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Invasion of the pathogenic fungus Metarhizium anisopliae through the guts of germfree desert locusts, Schistocerca gregaria

Research output: Contribution to Journal/MagazineJournal articlepeer-review

<mark>Journal publication date</mark>10/1986
Issue number1
Number of pages8
Pages (from-to)59-66
Publication StatusPublished
<mark>Original language</mark>English


Less than 1% of an ingested inoculum of the pathogenic fungus Metarhizium anisopliae was retained for long enough (ca. 24 h) in the gut of the desert locust, Schistocerca gregaria, for germination and penetration to have occurred. The residual inoculum did not initiate an infection in guts of fed conventional or axenic locusts. However, symptoms of mycosis (hyphal bodies in the haemolymph, fungal penetration of the hindgut intima and epithelium, tetanic paralysis) were consistently observed in axenic but not conventional locusts which were starved post-inoculation.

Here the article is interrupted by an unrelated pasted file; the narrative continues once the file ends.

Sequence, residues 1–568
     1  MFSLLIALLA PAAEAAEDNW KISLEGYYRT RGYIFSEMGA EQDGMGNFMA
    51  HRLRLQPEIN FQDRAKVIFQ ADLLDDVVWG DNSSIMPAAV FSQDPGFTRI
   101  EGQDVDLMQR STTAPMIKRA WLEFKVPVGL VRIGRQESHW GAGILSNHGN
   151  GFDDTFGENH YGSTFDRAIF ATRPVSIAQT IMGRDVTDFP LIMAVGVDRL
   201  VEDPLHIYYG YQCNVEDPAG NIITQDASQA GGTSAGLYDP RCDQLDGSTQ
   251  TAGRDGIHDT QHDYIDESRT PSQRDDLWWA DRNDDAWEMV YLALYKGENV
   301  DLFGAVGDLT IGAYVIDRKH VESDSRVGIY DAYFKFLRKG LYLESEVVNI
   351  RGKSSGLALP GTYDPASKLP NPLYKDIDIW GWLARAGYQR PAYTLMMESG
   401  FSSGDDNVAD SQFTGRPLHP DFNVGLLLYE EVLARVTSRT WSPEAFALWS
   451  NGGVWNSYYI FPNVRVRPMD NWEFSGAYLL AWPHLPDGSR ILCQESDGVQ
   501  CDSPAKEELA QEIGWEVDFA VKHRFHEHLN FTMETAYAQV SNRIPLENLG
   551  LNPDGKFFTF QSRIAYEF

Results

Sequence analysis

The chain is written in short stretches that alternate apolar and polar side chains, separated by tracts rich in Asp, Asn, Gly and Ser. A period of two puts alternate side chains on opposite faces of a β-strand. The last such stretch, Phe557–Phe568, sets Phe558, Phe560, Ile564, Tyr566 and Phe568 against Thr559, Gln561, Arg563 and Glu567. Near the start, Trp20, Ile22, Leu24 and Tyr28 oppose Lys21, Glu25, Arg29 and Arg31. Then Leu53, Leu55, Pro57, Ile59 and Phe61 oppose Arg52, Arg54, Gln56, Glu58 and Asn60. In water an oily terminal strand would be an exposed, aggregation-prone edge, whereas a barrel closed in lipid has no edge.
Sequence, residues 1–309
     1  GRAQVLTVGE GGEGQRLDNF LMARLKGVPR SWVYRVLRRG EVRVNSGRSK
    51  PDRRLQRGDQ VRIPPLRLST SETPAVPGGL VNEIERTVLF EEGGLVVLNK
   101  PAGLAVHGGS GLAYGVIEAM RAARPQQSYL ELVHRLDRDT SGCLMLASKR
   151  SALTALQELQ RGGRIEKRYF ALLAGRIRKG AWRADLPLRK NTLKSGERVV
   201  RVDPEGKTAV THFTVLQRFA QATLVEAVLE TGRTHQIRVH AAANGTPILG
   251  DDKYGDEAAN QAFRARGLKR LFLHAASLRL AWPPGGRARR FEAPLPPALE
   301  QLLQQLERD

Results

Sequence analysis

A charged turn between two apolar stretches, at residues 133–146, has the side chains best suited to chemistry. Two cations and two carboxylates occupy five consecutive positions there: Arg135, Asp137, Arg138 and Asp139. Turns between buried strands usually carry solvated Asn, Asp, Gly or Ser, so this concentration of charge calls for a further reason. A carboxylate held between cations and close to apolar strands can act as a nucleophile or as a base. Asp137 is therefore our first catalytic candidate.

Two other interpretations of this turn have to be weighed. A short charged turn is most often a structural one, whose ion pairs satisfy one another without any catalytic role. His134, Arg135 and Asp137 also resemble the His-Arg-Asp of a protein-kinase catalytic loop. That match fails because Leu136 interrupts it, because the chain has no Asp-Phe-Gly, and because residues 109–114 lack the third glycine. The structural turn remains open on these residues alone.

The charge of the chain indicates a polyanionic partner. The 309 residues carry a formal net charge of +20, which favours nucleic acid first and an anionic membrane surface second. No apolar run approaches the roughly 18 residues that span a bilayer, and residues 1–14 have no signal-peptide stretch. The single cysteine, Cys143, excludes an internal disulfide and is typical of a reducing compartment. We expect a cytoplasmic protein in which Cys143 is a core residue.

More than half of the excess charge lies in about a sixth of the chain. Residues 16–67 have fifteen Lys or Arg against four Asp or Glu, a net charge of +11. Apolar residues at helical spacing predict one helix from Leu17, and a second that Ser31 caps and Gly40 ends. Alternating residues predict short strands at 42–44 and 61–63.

It is concluded that the antifungal toxin produced by the gut bacteria defends the desert locust against gut invasion by Metarhizium anisopliae during periods of starvation when the physical defences, prominent in fed insects, are less apparent.